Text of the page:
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Long Maternity Leaves Can Be Career Killers. Here’s How to Fix That.

Topics: Data & Research
maternity leaves
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The gender pay gap is worse for mothers than it is for childless women.

In the United States, where companies are not required to offer paid maternity leave, the motherhood penalty makes sense: left to juggle the responsibilities of childcare and work, women are often forced into lower-paying, part-time jobs … or out of the workforce entirely.

But not even ample paid maternity leave will entirely close the gap. How do we know? Because it hasn’t in Scandinavia, home of some of the most liberal parental leave policies in the world.

At Slate, Jordan Weissmann explains:

…for all Denmark does to support working parents, it turns out that there, much like here, motherhood is still a pretty devastating career choice. In a new study, a trio of economists used a large cache of government administrative data to look at what happened to the earnings of 470,000 Danish women who gave birth for the first time between 1985 and 2003. The results were dramatic. Before they became parents, the researchers found, men’s and women’s pay grew at a similar pace. After kids, their career paths split. Fathers mostly continued on as if nothing had changed. Mothers, however, saw their earnings quickly collapse by 30 percent on average, compared to what they would have hypothetically earned without children. They became less likely to work at all, but earned lower wages and clocked fewer hours if they did. Worse, their careers never fully recovered. After 10 years, women’s pay was still one-fifth lower than before they had kids.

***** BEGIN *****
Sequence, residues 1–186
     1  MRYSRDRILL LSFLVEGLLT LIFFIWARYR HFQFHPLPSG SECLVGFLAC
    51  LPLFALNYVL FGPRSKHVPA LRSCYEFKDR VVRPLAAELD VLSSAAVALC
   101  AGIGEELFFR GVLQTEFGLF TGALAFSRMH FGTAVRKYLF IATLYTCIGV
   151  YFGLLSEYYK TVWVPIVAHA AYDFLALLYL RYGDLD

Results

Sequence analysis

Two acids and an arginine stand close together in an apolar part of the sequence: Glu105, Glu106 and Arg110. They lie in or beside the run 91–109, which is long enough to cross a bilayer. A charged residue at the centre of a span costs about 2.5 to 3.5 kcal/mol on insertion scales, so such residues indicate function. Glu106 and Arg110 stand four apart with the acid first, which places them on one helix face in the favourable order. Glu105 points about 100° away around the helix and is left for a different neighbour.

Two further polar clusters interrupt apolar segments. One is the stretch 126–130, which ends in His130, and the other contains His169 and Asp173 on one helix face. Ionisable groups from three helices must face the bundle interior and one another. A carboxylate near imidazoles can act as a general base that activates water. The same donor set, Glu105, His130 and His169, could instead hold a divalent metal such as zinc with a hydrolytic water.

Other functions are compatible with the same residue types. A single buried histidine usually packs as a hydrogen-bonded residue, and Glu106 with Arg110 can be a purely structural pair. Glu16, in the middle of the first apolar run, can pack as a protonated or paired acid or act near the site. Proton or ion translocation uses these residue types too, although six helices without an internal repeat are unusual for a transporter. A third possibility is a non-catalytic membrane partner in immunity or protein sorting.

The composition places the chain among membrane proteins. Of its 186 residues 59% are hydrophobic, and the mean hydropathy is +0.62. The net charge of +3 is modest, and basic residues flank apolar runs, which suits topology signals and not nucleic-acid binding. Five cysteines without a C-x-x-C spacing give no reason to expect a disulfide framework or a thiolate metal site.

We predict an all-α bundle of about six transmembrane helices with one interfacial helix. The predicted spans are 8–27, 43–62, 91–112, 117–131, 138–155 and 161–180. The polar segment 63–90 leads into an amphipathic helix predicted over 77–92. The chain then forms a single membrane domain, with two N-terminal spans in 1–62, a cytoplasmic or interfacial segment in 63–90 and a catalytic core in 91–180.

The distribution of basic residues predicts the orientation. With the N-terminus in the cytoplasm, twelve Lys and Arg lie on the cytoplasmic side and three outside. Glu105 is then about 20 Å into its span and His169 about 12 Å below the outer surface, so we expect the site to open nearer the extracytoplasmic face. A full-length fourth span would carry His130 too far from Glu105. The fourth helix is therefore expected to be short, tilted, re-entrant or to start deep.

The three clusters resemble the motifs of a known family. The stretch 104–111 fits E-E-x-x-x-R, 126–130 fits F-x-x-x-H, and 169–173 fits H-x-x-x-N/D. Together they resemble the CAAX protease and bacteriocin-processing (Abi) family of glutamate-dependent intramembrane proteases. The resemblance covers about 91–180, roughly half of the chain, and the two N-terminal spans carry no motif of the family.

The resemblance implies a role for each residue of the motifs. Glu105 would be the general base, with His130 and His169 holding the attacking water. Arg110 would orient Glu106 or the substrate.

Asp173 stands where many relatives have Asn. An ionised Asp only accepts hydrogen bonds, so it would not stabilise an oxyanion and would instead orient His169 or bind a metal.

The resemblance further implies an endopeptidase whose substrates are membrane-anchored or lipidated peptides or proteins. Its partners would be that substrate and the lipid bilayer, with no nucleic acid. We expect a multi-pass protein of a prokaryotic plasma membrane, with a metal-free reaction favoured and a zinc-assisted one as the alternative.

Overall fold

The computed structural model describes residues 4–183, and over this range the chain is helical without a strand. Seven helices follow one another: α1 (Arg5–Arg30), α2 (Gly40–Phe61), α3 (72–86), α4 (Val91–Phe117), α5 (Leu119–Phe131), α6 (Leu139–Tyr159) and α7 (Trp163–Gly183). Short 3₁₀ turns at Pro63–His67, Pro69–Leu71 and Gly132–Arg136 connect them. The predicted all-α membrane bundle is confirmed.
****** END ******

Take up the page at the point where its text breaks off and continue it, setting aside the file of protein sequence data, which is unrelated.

In Denmark, parents can split 52 weeks of paid leave. Other Scandinavian countries offer similar policies. Sweden adds a wrinkle: parents are entitled to 480 days of paid leave, but 90 days are reserved for each parent — use it or lose it.

The “Choice” to Stay Home

Some pundits argue that studies like these show that women want to stay home with their children and that men don’t. They can point to Denmark, where some labor leaders have pushed for a more equal split of parental leave, along the lines of what Sweden offers — and met with resistance from mothers who don’t want to lose their time with their children.

However, that argument overlooks a crucial fact:

The gender pay gap is smaller in Scandinavia than it is in the U.S.

In 2015, the gap in Sweden was 13.2 percent, meaning that women earned around 87 cents for every dollar earned by men. In the U.S., the gap currently stands at 76 cents on the dollar.

So, while it’s true that men and women aren’t sharing domestic duties evenly — even in Sweden or Denmark — it’s also true that policies like these help make things more equitable, if not fully equal.

And, we still have no example of a situation in which men and women take equal leave and equal responsibility for childcare duties afterward. Weissmann quotes the authors of the study, who write that “so long as family responsibilities are unequally shared, the gender gap is not likely to close and not even to narrow significantly.”

More paid paternity leave might well close the gap. At the very least, it would allow working women and their families to make real choices about how to divide domestic and professional labor.

For more information on the gender pay gap, read PayScale’s report.

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Jen Hubley Luckwaldt
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